17 September 2007

Prasad needs to take some of the blame.

So far, I ve managed to keep my high expectations from Venkatesh Prasad intact. For the first time ever, we toured England with a bowling attack that looked capable of taking twenty wickets in a Test match. But since the memorable Test series, where Zaheer and Arpee were exceptional, and Sreesanth brilliant in spurts, the ODIs and now the T20 WC have left Prasad open for attack. Why does India suffer from what seems to be a chronic inability to dam the flow of runs at the death? Why is the vastly experienced Agarkar bowling length on off stump? Where is the yorker, the well-disguised slower ball? For all his other talents, Sreesanth's slower delivery will seem quite obvious for an international batsman. Yesterday, McMillan slapped one straight past him.

If there are bowlers who can consistently get the yorker going, should they not be preferred over Agarkar at the death? The bowling coach will also need to examine Sreesanth's decision to go around the stumps every now and then. As of now, it seems that such decisions are made at random, leaving poor Dhoni with very limited time to make adequate fielding changes. Confusion reigns, and Dhoni I had a brain explosion when he preferred to bowl Yuvraj Singh when Pathan had two overs in the bag.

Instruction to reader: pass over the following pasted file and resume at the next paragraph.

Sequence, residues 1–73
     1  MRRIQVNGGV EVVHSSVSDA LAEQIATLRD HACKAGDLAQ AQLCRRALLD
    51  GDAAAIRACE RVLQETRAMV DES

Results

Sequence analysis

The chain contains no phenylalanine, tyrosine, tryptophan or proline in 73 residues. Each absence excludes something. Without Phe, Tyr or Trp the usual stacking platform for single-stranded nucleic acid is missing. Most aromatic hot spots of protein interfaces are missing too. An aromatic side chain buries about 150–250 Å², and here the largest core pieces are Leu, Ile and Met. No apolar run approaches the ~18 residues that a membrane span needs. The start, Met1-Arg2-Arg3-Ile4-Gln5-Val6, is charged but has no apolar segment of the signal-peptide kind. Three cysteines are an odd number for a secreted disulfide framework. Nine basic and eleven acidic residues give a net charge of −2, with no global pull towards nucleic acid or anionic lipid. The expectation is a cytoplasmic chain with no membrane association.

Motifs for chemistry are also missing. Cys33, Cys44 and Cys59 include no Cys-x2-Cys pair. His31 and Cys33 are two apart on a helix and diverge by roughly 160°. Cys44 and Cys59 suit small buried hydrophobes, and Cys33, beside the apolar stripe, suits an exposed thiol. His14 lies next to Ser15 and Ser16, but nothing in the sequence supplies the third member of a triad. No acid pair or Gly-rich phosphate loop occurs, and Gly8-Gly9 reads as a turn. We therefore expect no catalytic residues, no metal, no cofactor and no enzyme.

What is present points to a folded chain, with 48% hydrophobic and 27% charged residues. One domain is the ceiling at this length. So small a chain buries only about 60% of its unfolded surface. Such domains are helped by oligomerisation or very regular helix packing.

And what of team selection? Should we have Chawla come in place of Agarkar. This will mean we have a wonderfully varied bowling attack - two left arm swing bowlers, one right arm swing bowler, one off-spinner and a leg-spinner.